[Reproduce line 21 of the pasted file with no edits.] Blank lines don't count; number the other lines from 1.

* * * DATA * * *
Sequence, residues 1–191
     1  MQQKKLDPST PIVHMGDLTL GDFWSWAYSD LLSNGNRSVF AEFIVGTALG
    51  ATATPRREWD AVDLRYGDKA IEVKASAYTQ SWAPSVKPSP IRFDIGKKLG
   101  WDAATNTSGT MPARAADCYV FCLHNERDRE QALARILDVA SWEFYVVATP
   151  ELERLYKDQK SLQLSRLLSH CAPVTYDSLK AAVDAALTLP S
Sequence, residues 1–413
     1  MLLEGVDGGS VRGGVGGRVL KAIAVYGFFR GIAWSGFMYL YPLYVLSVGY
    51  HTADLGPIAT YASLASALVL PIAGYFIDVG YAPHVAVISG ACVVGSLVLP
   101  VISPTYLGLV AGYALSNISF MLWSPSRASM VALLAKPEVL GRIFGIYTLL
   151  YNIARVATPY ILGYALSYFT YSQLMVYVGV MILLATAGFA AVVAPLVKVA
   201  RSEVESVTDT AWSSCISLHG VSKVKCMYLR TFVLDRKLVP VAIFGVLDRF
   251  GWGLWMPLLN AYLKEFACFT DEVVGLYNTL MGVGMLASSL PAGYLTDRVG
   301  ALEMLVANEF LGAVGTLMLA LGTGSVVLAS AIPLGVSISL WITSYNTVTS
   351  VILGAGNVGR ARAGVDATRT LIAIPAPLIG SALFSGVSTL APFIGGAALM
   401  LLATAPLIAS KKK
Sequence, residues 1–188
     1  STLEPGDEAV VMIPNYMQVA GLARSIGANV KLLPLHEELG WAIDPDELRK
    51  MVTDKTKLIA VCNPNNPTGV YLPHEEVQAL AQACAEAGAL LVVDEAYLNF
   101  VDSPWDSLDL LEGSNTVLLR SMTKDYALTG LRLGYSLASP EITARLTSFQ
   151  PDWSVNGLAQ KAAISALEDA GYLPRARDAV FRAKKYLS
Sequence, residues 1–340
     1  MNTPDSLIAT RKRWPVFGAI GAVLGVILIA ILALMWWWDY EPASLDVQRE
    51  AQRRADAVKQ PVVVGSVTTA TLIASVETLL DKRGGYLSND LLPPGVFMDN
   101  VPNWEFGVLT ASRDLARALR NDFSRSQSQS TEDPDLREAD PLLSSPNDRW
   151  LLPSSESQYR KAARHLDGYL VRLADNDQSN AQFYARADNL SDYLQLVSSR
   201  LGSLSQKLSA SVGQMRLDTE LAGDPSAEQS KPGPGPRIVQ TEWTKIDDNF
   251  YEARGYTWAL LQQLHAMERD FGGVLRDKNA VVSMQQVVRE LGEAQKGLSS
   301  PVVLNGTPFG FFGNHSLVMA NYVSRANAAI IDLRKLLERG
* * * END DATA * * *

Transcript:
Sequence, residues 1–340